He doesn’t recall many match details but one name stood out for a seven-year-old Adam Ashley-Cooper among weeks of bleary-eyed mornings during the 1991 World Cup.
His dad would drag him out of bed to watch the Wallabies’ run towards their first Webb Ellis trophy.
“I was seven I think, and my dad woke me up and it was the 1991 World Cup,” he said.
“it was a World Cup final and I remember him pointing out David Campese and saying the name and, “this guy, he knows how to score tries,’ because I was obsessed with scoring tries.”
Twenty-four years, 112 caps and 37 Wallabies tries later, Ashley-Cooper is third on Australia’s all-time list, trailing only Campese (64) and Chris Latham (40) in the count.
He’s one of the veterans of the Australian team, playing in his third World Cup but preparing for first World Cup final.
One of just four in the current squad in his third quadrennial tournament - Stephen Moore, Matt Giteau and Drew Mitchell the others- and its most capped member, he still feels like a relative rookie in unchartered territory this week.
His first World Cup was an awe-inspiring experience and something that opened his eyes to the nature of the tournament.
“I was absolutely taken back by the atmosphere and the whole competitive environment of a rugby world cup and how everyone had got behind their nations and how patriotic people were,” he said.
Australia’s quarter-final loss to England in 2007 affected him greatly, long after the team departed Marseilles.
“I took it pretty hard and went into a bit of a shell for a few months,” he said
“It took me a while to recover.
“Ever since then I’ve only had motivation to succeed in a Rugby World Cup and there’s an opportunity for that on the weekend.”
At 31 and about to head to Bordeaux to start a European career in the same vein as good mates Giteau and Mitchell, he knows this is likely to be his last World Cup chance.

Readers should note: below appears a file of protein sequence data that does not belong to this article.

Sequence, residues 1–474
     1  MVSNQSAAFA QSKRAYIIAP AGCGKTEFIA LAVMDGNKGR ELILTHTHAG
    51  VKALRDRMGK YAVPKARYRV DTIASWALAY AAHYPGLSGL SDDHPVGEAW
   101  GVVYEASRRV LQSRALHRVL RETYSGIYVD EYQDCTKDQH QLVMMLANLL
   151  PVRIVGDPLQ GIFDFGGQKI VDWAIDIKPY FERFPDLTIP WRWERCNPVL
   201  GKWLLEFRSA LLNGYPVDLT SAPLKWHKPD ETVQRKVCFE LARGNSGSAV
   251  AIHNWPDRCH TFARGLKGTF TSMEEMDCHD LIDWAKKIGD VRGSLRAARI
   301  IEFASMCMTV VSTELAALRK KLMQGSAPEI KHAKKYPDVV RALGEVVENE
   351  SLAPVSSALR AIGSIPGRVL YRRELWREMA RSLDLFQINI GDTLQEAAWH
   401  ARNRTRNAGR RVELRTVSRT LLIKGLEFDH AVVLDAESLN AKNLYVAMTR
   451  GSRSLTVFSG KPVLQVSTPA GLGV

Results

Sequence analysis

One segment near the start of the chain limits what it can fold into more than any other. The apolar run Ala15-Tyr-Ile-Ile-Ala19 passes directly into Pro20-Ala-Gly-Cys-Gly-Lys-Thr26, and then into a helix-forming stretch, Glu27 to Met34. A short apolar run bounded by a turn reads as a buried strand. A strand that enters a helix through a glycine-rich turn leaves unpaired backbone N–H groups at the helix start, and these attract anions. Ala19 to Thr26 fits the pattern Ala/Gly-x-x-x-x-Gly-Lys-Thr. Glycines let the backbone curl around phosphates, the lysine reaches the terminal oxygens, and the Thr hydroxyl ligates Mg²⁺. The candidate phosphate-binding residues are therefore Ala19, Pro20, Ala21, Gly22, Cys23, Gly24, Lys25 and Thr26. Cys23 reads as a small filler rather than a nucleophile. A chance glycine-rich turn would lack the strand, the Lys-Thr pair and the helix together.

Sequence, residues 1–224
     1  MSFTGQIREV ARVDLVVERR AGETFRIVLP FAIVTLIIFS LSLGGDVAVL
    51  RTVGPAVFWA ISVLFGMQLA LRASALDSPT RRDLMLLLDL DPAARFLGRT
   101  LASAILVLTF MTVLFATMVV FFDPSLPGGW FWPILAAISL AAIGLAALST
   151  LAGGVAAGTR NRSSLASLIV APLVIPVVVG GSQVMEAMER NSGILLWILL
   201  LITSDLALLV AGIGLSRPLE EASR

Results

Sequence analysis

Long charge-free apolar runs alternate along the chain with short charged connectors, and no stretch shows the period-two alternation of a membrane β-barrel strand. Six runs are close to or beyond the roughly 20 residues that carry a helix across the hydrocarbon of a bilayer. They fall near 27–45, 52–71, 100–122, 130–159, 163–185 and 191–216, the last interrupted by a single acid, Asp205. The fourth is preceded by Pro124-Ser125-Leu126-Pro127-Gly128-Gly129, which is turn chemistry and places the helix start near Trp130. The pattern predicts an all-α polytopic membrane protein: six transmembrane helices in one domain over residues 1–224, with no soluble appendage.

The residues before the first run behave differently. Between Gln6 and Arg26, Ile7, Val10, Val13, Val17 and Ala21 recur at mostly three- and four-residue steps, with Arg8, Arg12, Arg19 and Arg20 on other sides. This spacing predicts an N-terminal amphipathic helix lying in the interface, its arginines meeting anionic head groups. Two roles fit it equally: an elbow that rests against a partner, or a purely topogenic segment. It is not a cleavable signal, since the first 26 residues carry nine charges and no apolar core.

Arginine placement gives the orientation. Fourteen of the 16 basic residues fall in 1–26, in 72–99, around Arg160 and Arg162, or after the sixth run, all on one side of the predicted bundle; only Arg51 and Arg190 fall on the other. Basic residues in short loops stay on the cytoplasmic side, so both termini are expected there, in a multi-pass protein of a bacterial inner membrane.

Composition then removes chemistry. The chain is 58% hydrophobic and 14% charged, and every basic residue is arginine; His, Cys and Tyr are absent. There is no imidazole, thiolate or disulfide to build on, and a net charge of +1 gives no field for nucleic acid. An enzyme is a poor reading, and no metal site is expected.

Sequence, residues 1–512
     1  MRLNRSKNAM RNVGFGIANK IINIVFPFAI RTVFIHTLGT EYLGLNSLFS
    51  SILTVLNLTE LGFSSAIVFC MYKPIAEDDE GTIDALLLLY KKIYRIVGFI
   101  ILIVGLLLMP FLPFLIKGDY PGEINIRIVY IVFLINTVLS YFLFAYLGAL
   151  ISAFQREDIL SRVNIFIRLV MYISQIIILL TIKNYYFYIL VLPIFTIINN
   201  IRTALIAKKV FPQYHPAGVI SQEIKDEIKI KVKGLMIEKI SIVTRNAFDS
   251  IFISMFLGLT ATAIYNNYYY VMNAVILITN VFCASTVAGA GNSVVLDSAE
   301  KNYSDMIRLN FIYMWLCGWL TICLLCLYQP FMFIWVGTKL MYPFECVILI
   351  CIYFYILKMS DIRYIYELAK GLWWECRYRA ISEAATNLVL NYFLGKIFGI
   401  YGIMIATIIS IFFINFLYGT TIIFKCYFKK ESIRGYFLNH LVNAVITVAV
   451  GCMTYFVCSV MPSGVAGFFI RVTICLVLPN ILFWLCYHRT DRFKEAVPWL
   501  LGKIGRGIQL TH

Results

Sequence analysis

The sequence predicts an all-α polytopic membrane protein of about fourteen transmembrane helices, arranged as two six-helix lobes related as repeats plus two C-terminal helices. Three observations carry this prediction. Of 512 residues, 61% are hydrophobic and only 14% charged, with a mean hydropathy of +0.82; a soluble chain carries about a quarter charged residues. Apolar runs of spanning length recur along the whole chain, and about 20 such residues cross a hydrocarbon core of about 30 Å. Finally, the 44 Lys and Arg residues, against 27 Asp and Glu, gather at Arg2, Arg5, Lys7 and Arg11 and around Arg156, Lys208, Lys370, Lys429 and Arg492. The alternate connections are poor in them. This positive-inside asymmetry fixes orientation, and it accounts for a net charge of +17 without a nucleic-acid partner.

It’s made him cherish it all the more, a shift from the forward-looking mentality he had has a 23-year-old in that first tournament in 2007.
“The older you get and the more you know the time’s limited in the jersey. I’m 31, I’ve played 112 times and the time in the jersey’s limited,: he said.
“It’s fair to say that this will be my last World Cup, I doubt I’ll be running around in four years’ time. that’s for sure.
Ii think early on it’s not a matter of not appreciating it or taking it for granted it’s just that you’re so focused on improving and you’re too busy thinking about next week.
“Now it’s about enjoying every moment as it comes.
“I‘m enjoying myself.”
He’s not the only one enjoying this World Cup, in a tournament where the Wallabies have attracted many admirers for their on and off field displays.
“I think more than anything the culture is a lot more positive, it’s stronger,” he said.
“It’s more willing to work harder around training .
“That’s a culture you certainly need.
“We’ve got a great dynamic about personalities, characters, youth, experience, senior players and with that dynamic you mould and create a culture.
“The culture at the moment’s one that’s put us in the position we’re in today.”
Ashley-Cooper hopes that seven year-old boys and girls back home are dragged out of bed and inspired as he was.
“I’d like to think that there’s going to be parents that are going to be waking up their kids or their seven year old boys to watch the game (on Saturday),” he said.
“I’ve had that imprint on me for my whole life.
“That’s an opportunity that we get to do is just like have impression on a lot of yougner players and that’s exactly what we want to do.
“We want to inspire them and we’ve got an opportunity to do that on the weekend and create history for those younger generations.”
And who knows, maybe those parents will be pointing out the man in number 14 and saying “Adam Ashley-Cooper, that guy knows how to score tries.”